“I've seen a lot more band canker, which is caused by a pathogenic fungus, Botryosphaeria dothidea, and we're seeing it on young orchards, especially in in San Joaquin county," said Holtz. "We've seen that a lot out in the delta and we've seen it in eastern San Joaquin county where the soils tend to be a little heavier, maybe old dairy ground and richer and we don't really know why."
CCOF Annual Conference to Focus on Organic Hotspots
AgNet West) Jan. 22
Registration is available for the California Certified Organic Farmers (CCOF) annual conference, Organic Hotspots: Revitalizing Rural America. The event is scheduled for February 22 and 23 at the Sheraton Grand Sacramento Hotel in Sacramento.…
The event will focus on organic hotspots and how rural economies can potentially be stimulated by organic production. Topics will include partnerships between elected officials and the organic community, the role of education and research, along with the process of growing organic produce in local communities. The event will conclude with a keynote speech from Glenda Humiston, Vice President of the University of California Division of Agriculture and Natural Resources.
California Today: 100 Million Dead Trees Prompt Fears of Giant Wildfires
(New York Times) Thomas Fuller, Jan. 19
The more than 100 million trees that died in California after being weakened by drought and insect infestations have transformed large swaths of the Sierra Nevada into browned-out tree cemeteries. In some areas more than 90 percent of trees are dead.
This week a group of scientists warned in the journal BioScience that the dead trees could produce wildfires on a scale and of an intensity that California has never seen.
…“It's something that is going to be much more severe,” said Scott Stephens, a professor of fire science at Berkeley and the lead author of the study. “You could have higher amounts of embers coming into home areas, starting more fires.”
Winter's good time for gopher control in nut crops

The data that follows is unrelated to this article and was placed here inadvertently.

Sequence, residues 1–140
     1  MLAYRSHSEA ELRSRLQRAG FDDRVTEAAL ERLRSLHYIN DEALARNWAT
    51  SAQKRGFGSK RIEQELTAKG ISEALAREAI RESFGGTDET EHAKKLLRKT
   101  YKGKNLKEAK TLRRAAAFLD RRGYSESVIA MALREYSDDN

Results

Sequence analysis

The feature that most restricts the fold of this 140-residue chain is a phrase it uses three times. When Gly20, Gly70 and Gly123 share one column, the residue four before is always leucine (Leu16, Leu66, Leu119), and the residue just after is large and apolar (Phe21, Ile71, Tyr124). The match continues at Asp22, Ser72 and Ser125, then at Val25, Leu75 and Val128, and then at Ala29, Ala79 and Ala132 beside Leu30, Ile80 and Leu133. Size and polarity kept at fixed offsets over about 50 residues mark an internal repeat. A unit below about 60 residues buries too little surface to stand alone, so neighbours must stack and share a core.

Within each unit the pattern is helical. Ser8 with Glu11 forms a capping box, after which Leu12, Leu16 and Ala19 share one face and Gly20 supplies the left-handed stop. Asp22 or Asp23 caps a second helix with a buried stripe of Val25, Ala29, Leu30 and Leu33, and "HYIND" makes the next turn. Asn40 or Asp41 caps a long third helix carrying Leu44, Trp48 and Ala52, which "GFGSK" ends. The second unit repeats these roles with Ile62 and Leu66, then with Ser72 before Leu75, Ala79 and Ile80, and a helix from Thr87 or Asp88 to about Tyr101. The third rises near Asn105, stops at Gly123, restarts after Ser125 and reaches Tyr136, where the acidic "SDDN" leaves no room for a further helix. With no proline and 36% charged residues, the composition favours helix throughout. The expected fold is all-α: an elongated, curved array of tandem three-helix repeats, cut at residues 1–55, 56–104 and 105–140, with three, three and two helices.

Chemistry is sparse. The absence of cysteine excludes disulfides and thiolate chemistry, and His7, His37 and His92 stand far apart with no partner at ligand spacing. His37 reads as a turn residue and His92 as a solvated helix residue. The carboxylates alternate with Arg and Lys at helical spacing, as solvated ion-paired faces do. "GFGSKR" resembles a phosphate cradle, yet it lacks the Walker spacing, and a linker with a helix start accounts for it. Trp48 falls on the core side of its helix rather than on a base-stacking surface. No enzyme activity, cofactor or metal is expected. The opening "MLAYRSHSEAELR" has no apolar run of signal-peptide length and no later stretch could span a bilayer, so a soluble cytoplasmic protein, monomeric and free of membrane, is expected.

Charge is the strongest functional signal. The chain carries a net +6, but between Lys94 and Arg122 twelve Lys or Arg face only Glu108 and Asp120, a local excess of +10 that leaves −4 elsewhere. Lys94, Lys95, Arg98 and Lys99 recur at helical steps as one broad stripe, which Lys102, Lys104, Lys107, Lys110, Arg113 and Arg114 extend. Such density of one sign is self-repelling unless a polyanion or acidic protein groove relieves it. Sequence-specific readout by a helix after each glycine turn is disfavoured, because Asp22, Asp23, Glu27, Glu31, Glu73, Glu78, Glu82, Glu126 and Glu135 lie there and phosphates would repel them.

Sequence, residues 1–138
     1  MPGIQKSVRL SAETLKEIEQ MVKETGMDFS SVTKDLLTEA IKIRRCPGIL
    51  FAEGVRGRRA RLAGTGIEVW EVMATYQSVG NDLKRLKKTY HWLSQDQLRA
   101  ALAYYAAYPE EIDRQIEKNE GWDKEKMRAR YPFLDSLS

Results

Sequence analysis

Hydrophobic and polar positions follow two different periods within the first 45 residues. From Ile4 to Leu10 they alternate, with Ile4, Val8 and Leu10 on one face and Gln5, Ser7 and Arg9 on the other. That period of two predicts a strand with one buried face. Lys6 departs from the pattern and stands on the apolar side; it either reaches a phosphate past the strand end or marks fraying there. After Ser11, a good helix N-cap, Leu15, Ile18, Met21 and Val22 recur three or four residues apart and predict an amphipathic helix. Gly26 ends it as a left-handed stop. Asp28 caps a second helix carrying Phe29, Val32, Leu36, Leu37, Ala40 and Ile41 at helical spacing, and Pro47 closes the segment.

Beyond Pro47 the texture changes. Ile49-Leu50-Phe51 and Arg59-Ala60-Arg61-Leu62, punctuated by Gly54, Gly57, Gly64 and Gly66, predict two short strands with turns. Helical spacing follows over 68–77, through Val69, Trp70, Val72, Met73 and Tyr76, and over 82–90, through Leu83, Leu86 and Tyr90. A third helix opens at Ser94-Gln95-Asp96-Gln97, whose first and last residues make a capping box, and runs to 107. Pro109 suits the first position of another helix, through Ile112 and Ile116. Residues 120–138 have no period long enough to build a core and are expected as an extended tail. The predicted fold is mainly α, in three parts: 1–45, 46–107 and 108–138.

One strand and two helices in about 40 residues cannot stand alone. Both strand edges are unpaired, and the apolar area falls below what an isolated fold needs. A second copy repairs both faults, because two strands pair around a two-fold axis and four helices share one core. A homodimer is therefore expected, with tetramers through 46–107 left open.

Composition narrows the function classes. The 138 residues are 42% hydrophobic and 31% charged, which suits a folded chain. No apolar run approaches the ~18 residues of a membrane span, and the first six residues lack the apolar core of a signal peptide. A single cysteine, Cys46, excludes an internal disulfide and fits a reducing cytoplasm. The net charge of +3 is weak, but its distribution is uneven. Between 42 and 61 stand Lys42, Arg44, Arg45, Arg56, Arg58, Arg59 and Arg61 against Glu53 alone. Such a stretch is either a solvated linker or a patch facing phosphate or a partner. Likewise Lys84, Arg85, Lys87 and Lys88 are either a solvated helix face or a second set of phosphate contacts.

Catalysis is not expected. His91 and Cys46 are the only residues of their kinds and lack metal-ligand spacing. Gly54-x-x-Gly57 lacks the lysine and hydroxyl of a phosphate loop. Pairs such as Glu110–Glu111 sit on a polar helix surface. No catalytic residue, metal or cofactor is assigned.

(Western Farm Press) Cecelia Parsons, Jan. 17, 2018
Tree nut growers who are plagued by gopher invasions in their orchards need to stick with effective control measures if they want to minimize tree losses.
Pocket gophers are common in most nut production areas, says Joe Connell, University of California Cooperative Extension Farm Advisor Emeritus in Butte County. In the absence of cover crops or weeds, they will gnaw on tree roots and trunks, and the hungry vertebrate pests can even girdle — and kill — older trees. Trees with root damage and girdling will lose production, and will be susceptible to crown gall, which weakens their structural strength.
Bloomington nursery's citrus trees to be destroyed by California agriculture department
(ABC7 KABC) Rob McMillan, Jan. 17, 2018
Roxana Vallejo was 12 years old when her parents opened up Santa Ana Nursery in Bloomington. Wednesday, the California Department of Food and Agriculture will be at her business to destroy almost all of their citrus trees. Vallejo said the combined value of the trees is almost $1 million.
"They're all fine, and look at all the new growth, it's pretty good," Vallejo said.
The reason they're being cut down is huanglongbing, or HLB, one of the world's worst citrus diseases. The insect that spreads HLB has taken a strong foothold in Southern California.
"It's estimated that the citrus industry may go commercially extinct unless they can get a handle on this problem," said Mark Hoddle, UC Cooperative Extension specialist at UC Riverside, more than one year ago.
OPINION: Ranchers give thanks
(Ventura County Star) Beverly Bigger, president of the Ventura County Cattlemen's Association, Jan. 16, 2018
Ventura County is home to a robust and historic cattle industry, one that makes up a $2 million portion of Ventura County's agricultural sector. Ranchers play an important role in land management as well, their grazing operations clearing overgrown brush, reducing the fuel available to wildfires and protecting nearby communities.
In the space of 12 hours, the Thomas Fire ripped through vital grazing land that cattle rely on for their daily feed. Sadly, some animals were also lost to the fire.
With feed and fencing gone, many ranchers had hard decisions to make regarding the future of their operations, and some were not prepared for this kind of disaster. Thankfully, we have dedicated public servants who stepped up to help the cattle industry.
Ventura County Agricultural Commissioner Henry Gonzales, Matthew Shapero from the UC Cooperative Extension, and Donna Gillesby and Bryan Bray of Ventura County Animal Services all reached out to ask what they could do to help.
An emergency program was put in place to supply five days of hay until ranchers could get on their feet. The UC Extension also provided a one-stop location where ranchers could meet with representatives from multiple agencies to apply for assistance programs.